LVG: The End of the Affair

Life is like a box of chocolates: if you leave it in your car and neglect it, the chocolate will melt and taste awful. And the past three years of the post-Sir Alex Ferguson Era have been bitter to the mouth of us spoiled Manchester United fans. Worrying patterns emerged, and, amidst the finger-pointing, lots of smoke clouds our thoughts.
I begin with a basic preposition: goals win games, and strikers score goals. Wayne Rooney has never been a consistent 20 goals per season scorer, so United’s failure to land a marquee player or develop either foreigners (like Chicharito) or native sons (like Welbeck) has hurt us these past three years. In part, Woodward is to blame. Imagine Louis van Gaal’s team with a twenty-goal-scorer these past two seasons, or even a fifteen-goal-scorer. A Lukaku or Kane could have been the difference between a title-push versus scraping and hoping for fourth place.
On the other hand, LVG’s coaching and direction were at times erratic and confusing. He signed Angel Di Maria, tossed him into the deep-end of the EPL, and then discarded the player when he struggled to tread water. The South American talents that have thrived in England have usually been brought along a bit slower, such as Lamela at Spurs. On the other hand, LVG showed poise and patience with Martial and even Rashford, even if LVG started to grow frustrated with Memphis Depay.

Could Martial and Rashford both be ten-goal-scorers next season? Probably. But LVG rotated his squad the way a hustler plays three card monte: too quickly to grasp. Basically, LVG forged a nucleus Starting XI, but failed to integrate and make fringe players feel a part of the team and important. It’s odd that LVG insisted on having two good players per position in case of injury, yet injuries happened (just like at other clubs) and players-in-the-waiting were rusty or lacked confidence.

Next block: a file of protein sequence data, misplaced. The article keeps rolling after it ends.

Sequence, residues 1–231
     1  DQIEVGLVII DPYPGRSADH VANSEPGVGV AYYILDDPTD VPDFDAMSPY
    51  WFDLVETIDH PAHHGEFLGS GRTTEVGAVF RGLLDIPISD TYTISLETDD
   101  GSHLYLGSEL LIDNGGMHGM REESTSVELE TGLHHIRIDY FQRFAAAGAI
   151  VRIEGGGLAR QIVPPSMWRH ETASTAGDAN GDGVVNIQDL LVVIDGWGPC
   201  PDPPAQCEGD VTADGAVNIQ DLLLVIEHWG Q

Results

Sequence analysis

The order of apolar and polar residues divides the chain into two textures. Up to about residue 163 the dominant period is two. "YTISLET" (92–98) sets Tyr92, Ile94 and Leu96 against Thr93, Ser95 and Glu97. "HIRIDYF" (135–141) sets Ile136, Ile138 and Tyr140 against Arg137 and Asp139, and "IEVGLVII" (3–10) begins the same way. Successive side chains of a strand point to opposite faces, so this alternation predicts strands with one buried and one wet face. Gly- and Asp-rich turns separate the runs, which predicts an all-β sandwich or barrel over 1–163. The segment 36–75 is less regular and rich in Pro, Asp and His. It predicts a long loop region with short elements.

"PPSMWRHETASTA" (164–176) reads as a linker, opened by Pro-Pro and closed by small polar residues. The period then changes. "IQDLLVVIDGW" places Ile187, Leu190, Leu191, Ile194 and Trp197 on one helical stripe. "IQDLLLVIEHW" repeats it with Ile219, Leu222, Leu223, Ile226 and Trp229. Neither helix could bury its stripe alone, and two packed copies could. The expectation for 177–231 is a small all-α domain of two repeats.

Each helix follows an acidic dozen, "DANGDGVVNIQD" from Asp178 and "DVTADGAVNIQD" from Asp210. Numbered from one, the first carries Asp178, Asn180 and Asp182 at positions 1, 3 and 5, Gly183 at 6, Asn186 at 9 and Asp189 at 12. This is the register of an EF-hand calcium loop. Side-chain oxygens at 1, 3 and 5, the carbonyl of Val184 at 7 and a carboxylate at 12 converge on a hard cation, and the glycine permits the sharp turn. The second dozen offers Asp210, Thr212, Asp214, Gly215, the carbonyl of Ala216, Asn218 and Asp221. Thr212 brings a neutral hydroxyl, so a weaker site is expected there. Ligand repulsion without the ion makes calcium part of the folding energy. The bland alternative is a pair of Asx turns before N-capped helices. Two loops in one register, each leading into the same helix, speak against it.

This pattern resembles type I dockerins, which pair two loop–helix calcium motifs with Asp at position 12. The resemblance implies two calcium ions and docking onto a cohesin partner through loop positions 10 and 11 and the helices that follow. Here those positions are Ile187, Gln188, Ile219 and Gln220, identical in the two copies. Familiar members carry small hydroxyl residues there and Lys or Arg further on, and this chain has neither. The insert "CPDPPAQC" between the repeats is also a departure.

LVG showed some tactical flexibility and finally ditched the horrendous 3-5-2 for a slanted 4-2-3-1, but slow passing out of the back plagued both versions of his United. If David Moyes failed to balance egos and was hampered by an aging backline that upset his quick countering 4-4-2, then LVG kept egos in check, improved the backline, but taught the team to fear risk and always play the safe pass either sideways or backwards. You can do well in Europe and cup competitions by playing with caution and intelligence, but you gotta throw bodies forward and score some goals to win a league. Yes, Leicester City was a catenaccio darling this year, but that’s a template for historical anomaly, not a blueprint for success to follow.

Thus, United has turned to Jose Mourinho to reintroduce aggressive tackling, lightning quick counters, and a heavy dose of swagger and confidence. Mourinho struggled in his first year in Madrid and at Chelsea, so don’t expect trophies to fall from the Heavens at first. An aging Zlatan may also not be what the doctor ordered. Still, if he can convince Woodward to spend on the attack and haul home more than an FA Cup every two years, it will be Mission Accomplished.
Elliott rambles about soccer on Twitter quite often. Seriously.
 

Tags: , , , , ,

About the author: Elliott Turner

 

Elliott blogs about soccer at Futfanatico.com . He has written for The Guardian, Yahoo Sports, Fox Soccer, The Blizzard, and Howler Magazine. He is the author of "An Illustrated Guide to Soccer & Spanish".

Website: http://www.futfanatico.com/

 

Recent posts in Manchester United

 

No Comments

Your email address will not be published. Required fields are marked *

 

 

 
 

Latest Posts

 
 
 
 

Post of the Week